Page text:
French teacher

On Friday, when I locked my classroom door, I completed 26 years of teaching French in Chappaqua, New York. Although Spanish is still more popular (and I teach that as well), we have a large group of French students who begin at age 10. Most of them continue their studies through high school and beyond.I am passionate about all things French. I am American, but was educated at the Lycée Français. I have lived and studied in France and Switzerland.What interests me most on this page is your effort in promoting the study of French. When I hear "Spanish is more useful" I cringe. To tell the truth, the fact that I speak French has opened more doors for me than Spanish ever will.I would like to receive your input on how to convey to parents that if a child wishes to study French, they should not be dissuaded by "pop thinking".
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  • OK, it didn't work! any suggestions????
  • Hi!
    I'm going to try to attach the document of which I spoke...if it doesn't work I'll come up with another way to get it to you. It has been examined by quite a few people so it should be pretty accurate at this point! If it can help you - please feel free to use it!
  • I agree with you Claudine. I also teach Spanish but my love is French. My classes have less French students because Spanish is taking over! It is so sad! They do not know what they are missing! I always show pictures of my trips in France , movies, songs... I try to transmit to them all that I can about France and the francophone culture...Let's keep doing it!
  • All preceding comments are totally corret. In my experience, an exchange is most worthwhile. French music and movies are also very present in my classroom.
    A suggestion:It is a good idea to do a unit on French and francophone companies in the US. Take a look at French companies listed in the CAC 40 (the French Dow) (Here is a list too: and have students check their subsidiaries in this country. Sites like and other job sites will also give you job postings where French is necessary..
    Going back to the difference between French and Spanish: I often point out the Spanish starts relatively easier than French, but then gets more complicated, especially with the conjugations... It has many more tenses...
  • Eventually it shouldn't be the parents who make the decisions about which language a kid takes. A kid should take what he/she wants. A good program speaks for itself and word of mouth from the kids who take French. I think perhaps Spanish classes are popular because (in our school) there are a lot of fiestas during the year! But my French film class is very popular and always full to capacity. Perhaps a way to introduce French to kids who need to make language class choices would be to use your best French students to do fun little presentations to lower school or elementary school students. I do that with my best high school students who have been inducted into the French National Honor Society. One of their "community service" duties is that they have to go teach numbers or colors or whatever to lower school students. This might influence them to take French and keep going with it because it looks like the older kids are having fun. I also have my kids participate in the Grand Concours and really prepare them well for it. I believe there is a FLES part of the Grand Concours. How about doing a French day where the kids sell crepes or things they make and then that night there could be a French night where there are presentations from kids and songs, etc...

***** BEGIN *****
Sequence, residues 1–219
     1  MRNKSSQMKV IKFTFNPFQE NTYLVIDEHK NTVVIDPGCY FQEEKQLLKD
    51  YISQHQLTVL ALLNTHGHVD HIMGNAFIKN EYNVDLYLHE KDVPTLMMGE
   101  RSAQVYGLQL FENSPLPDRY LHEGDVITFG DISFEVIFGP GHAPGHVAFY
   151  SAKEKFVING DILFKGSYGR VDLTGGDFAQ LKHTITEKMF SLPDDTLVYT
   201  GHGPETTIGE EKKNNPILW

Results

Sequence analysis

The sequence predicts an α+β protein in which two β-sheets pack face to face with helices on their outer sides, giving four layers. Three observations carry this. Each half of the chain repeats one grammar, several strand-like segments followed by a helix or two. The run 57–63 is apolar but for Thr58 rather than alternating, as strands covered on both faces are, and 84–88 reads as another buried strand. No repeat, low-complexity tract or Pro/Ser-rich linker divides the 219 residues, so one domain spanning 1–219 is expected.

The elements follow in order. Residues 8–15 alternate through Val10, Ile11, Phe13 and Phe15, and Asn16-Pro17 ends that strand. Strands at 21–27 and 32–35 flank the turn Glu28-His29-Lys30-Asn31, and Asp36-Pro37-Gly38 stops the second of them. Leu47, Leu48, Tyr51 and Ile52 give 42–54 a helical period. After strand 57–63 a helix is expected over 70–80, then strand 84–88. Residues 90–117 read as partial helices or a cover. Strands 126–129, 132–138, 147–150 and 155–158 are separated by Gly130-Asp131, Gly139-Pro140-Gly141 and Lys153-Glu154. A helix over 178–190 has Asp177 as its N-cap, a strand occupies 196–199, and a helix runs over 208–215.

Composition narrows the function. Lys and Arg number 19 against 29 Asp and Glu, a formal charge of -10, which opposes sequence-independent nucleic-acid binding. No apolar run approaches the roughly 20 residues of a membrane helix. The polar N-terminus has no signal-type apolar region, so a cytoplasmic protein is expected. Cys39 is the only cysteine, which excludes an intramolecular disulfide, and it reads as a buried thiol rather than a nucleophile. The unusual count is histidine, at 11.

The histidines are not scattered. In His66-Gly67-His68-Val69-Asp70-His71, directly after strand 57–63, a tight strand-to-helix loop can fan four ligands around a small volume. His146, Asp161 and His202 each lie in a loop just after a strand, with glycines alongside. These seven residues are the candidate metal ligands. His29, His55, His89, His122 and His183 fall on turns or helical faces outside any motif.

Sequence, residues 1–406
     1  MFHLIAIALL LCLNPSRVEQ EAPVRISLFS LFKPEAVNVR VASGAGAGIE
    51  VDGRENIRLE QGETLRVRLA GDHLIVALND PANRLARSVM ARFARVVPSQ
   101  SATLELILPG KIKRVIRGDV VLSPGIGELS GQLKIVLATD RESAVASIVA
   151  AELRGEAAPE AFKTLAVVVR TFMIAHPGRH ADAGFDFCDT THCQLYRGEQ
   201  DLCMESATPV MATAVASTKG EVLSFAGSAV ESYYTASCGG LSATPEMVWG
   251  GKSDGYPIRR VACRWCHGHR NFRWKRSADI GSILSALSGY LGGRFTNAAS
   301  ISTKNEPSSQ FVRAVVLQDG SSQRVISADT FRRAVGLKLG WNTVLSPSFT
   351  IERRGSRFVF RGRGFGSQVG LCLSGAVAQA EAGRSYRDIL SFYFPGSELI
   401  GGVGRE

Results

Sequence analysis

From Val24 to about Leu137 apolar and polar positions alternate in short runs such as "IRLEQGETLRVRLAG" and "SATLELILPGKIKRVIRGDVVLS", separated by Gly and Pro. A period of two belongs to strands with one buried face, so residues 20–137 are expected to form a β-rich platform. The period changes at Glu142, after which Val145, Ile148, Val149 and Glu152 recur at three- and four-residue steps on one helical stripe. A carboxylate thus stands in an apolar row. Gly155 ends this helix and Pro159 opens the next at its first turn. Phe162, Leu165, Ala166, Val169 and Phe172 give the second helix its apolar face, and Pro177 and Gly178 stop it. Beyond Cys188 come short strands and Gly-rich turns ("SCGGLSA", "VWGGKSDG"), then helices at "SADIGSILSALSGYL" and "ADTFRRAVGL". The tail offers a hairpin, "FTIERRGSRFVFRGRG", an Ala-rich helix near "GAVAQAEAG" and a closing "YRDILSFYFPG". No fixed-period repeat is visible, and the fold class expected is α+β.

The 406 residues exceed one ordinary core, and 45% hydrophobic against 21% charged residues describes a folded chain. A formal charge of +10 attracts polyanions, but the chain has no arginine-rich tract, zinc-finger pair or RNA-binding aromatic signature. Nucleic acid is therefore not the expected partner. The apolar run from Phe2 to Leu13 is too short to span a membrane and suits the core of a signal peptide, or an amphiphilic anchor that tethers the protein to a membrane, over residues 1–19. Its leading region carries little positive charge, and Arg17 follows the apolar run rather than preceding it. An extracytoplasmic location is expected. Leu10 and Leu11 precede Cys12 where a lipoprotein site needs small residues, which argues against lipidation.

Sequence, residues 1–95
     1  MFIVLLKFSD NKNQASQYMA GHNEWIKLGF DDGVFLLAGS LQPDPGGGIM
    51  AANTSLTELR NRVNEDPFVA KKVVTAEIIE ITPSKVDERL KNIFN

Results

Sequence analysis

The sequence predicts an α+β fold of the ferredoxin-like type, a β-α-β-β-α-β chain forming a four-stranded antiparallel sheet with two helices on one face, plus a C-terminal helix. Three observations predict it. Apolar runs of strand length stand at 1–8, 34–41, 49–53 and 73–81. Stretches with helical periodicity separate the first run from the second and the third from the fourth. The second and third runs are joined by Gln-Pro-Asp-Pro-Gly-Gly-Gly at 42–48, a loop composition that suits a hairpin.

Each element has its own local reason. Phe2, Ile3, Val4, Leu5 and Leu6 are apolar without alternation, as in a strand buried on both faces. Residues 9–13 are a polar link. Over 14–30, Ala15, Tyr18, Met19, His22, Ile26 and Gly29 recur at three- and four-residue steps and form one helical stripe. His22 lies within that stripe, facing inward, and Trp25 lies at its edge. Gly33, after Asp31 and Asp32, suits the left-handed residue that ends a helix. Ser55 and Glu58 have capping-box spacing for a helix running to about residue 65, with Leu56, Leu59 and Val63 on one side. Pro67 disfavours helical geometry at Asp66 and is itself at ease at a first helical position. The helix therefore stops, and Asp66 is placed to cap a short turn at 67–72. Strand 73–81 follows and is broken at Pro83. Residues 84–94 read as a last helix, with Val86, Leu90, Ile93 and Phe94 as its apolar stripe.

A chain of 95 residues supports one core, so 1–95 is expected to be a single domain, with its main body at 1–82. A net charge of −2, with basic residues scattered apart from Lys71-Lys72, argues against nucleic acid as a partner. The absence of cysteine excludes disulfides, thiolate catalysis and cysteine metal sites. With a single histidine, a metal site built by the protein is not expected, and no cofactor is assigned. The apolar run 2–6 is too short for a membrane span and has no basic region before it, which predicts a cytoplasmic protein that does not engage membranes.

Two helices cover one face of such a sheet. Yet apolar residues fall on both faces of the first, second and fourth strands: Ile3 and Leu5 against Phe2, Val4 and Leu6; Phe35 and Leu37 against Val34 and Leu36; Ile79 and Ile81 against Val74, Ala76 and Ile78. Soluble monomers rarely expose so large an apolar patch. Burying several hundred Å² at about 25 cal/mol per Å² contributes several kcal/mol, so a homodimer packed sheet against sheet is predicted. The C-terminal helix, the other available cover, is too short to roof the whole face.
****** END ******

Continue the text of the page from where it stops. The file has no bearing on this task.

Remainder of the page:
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    Teachers' Corner. Le coin des profs. Teachers can post their resumes, exchange ideas, start discussions.
  • Madeline- If you can send me your pamphlet or info- I would greatly appreciate it. I teach in CT, in a district with a high latino population and I get the same attitude about their child taking French vs Spanish. I emphasize many of the the same reasons for taking French as cited by others below- culture,history, use, international recognition, but would like to make more of an appeal to the community too. Merci!
  • Bravo Madeline! I will get right to it!
  • Bonjour à toutes et à tous,
    I taught French (and Spanish) for 36 years in public school and have been teaching pedagogy and French on the college level since my retirement 4 years ago. French has always been my first love - and has served me far better in general than my Spaniish.
    I would like to encourage you to continue to "push" French and would also like to direct you to the AATF (American Association of Teachers of French- and The World Speaks French ( websites. The AATF is in the process of completing an advocacy packet that is awesome and contains information brochures, letter templates, calendars, etc. I also have a "Quick Facts for French Teachers" pamphlet that gives quick answers to some of the common negative statements given about French. Please feel free to contact me by e-mail if you would like me to send it to you.
    On Long Island our programs have been greatly threatened (and in some cases eliminated) due to low enrollment or the advent of "new" languages (primarily Chinese). We (as francophiles) need to continue our efforts to raise public consciousness about the importance and facility of learning French. Too often as French teachers in NY we forget to stress the importance and proximity of Quebec as a source of French culture. The use of contemporary Quebecois music has always been an important part of my teaching and sparks interest due to its similarity to American pop music.
  • Génial, Vincent!
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